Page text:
So keep these things in mind as you start to tweak your pose to pose animation. And they can make it a lot stronger and make your transitions a lot more effective.

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This video is part of

Image for Character Animation Fundamentals with Maya
Character Animation Fundamentals with Maya

65 video lessons · 9923 viewers

George Maestri
Author

 
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  1. 22m 18s
    1. Introduction
      1m 10s
    2. Using the exercise files
      1m 8s
    3. Character rig overview: Simple character
      6m 19s
    4. Character rig overview: Full character
      7m 30s
    5. Using other rigs
      48s
    6. Using screen drawing tools for Windows
      3m 9s
    7. Using screen drawing tools for the Mac
      2m 14s
  2. 23m 47s
    1. Creating strong poses
      3m 27s
    2. Creating custom MEL scripts to help pose characters
      4m 39s
    3. Using layers to select characters
      1m 10s
    4. Learning the basics of posing characters
      10m 7s
    5. Creating stock poses
      4m 24s
  3. 25m 11s
    1. Understanding forces and character motion
      2m 13s
    2. Understanding drag
      5m 51s
    3. Working with secondary motion
      5m 33s
    4. Bringing the character to life
      4m 21s
    5. Refining the animation
      7m 13s
  4. 39m 30s
    1. Keyframing initial poses
      4m 21s
    2. Creating the blocking pass
      7m 42s
    3. Moving holds
      5m 27s
    4. Animating weight shift
      4m 21s
    5. Animating pose to pose transitions
      7m 46s
    6. Animating a wave
      9m 53s
  5. 42m 15s
    1. Analyzing a walk
      5m 43s
    2. Setting up a character for a basic walk
      1m 22s
    3. Animating a walk: The feet
      5m 55s
    4. Animating a walk: The lower body
      8m 23s
    5. Animating a walk: Making the cycle symmetrical
      3m 10s
    6. Animating a walk: Working with the spine
      5m 59s
    7. Animating a walk: Arm motion
      7m 28s
    8. Animating a walk: The head
      4m 15s
  6. 24m 15s
    1. The importance of the passing position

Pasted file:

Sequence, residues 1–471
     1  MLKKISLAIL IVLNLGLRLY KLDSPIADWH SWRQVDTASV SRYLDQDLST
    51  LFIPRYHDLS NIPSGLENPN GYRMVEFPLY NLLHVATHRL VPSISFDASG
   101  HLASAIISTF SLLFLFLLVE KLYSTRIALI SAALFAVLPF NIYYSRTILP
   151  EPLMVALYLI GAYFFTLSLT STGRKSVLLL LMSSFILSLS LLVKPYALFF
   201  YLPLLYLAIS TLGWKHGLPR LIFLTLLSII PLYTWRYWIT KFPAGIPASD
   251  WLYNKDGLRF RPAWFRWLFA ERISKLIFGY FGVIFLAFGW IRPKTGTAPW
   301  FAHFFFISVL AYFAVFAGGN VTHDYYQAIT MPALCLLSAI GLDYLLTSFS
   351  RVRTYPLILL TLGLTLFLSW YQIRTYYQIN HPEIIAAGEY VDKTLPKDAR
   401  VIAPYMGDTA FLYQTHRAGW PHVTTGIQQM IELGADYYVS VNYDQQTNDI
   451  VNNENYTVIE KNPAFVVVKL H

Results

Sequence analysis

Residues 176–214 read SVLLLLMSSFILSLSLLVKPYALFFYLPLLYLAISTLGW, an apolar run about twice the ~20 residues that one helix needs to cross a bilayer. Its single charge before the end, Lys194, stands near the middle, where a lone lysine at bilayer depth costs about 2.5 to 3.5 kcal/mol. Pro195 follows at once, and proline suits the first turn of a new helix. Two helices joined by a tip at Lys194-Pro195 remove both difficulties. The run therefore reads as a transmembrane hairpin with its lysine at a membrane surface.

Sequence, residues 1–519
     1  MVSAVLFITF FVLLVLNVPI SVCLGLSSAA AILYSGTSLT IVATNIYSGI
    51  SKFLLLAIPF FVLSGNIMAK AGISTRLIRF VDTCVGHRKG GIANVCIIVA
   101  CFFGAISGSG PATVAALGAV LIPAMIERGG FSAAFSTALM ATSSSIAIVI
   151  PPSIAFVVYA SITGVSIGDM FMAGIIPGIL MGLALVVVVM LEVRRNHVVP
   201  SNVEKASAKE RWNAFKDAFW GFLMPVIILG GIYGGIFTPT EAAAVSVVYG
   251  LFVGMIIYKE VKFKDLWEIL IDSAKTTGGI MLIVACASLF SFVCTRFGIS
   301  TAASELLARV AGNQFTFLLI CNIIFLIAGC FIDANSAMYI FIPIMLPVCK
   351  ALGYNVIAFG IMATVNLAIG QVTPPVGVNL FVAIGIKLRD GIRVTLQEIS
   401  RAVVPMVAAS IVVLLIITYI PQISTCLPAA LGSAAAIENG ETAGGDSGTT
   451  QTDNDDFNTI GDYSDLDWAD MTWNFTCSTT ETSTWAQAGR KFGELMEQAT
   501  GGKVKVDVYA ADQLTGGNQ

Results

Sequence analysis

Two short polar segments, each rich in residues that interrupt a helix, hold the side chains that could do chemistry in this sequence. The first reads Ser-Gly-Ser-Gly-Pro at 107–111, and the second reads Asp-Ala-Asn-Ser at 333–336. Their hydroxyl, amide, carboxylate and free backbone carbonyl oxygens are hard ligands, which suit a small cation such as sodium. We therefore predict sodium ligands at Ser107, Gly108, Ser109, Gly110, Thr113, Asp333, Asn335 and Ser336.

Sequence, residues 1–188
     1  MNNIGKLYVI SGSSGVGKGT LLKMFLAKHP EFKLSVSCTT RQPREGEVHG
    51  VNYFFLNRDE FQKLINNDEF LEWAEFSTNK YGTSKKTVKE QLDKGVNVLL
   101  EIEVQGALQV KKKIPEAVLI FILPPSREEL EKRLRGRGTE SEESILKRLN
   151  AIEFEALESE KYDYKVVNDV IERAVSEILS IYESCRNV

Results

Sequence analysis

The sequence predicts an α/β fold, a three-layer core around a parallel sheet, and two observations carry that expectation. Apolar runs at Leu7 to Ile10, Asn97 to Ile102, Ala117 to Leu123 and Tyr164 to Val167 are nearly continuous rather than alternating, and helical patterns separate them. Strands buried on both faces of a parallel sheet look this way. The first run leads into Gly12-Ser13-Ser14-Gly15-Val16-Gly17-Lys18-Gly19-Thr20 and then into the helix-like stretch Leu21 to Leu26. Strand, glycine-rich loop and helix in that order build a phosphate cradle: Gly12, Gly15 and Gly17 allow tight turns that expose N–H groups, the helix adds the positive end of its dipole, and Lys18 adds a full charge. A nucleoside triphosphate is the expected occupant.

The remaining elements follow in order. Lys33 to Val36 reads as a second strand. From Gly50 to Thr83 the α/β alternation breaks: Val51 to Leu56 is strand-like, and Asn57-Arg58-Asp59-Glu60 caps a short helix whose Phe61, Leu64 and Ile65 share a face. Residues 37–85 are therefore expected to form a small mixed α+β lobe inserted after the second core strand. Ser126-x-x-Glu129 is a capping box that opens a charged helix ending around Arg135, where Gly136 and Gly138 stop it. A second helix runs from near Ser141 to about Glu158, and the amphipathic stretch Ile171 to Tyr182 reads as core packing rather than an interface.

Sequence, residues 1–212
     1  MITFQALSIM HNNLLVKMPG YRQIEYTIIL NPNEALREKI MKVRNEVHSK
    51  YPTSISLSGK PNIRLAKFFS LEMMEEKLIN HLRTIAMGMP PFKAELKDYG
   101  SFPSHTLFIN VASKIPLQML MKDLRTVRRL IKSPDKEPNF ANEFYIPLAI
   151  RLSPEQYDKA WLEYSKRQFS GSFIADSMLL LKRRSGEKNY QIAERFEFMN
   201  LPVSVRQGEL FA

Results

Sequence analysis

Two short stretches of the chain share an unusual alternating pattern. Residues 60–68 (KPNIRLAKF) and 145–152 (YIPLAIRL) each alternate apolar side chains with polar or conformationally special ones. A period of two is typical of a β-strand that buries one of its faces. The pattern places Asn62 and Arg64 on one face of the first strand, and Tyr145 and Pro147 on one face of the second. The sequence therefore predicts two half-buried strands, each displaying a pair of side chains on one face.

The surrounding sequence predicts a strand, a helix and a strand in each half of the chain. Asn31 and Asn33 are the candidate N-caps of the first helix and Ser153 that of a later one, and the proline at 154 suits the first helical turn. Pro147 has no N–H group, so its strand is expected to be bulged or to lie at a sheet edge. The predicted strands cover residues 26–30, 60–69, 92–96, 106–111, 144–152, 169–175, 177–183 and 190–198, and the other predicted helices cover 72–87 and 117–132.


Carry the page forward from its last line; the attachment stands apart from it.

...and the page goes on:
4m 52s
    2. Working with foot placement
      3m 50s
    3. Adding character to a walk: Contact position
      5m 10s
    4. Adding character to a walk: Passing position
      3m 20s
    5. Adding character to a walk: Finalizing
      7m 3s
  7. 52m 27s
    1. A run in four poses
      2m 39s
    2. Animating a run: The first pose
      4m 31s
    3. Animating a run: The second pose
      7m 17s
    4. Animating a run: Mirroring the basic poses
      10m 59s
    5. Animating a run: Hip and foot motion
      5m 12s
    6. Animating a run: The upper body
      5m 2s
    7. Animating a run: Left arm motion
      5m 31s
    8. Animating a run: Right arm motion
      4m 39s
    9. Animating a run: Cycling the animation
      6m 37s
  8. 1h 20m
    1. Animating blinks
      7m 56s
    2. Animating changes in eye direction
      5m 6s
    3. Animating a head turn
      4m 35s
    4. Working with audio
      3m 38s
    5. Overview of mouth controls
      2m 44s
    6. Animating vowels
      15m 14s
    7. Animating consonants: B, D, and G
      7m 2s
    8. Animating consonants: F, M, and S
      8m 22s
    9. Animating lip sync: Assigning phonemes
      10m 43s
    10. Animating lip sync: The head
      9m 44s
    11. Animating lip sync: The body
      5m 10s
  9. 55m 55s
    1. Creating the main poses
      4m 18s
    2. Blocking poses to dialogue
      7m 1s
    3. In-between blocking pass
      3m 27s
    4. Animating moving holds
      5m 19s
    5. Creating weight
      6m 19s
    6. Adding secondary motion
      10m 0s
    7. Animating dialogue
      8m 12s
    8. Finalizing the animation
      11m 19s
  10. 24s
    1. Goodbye
      24s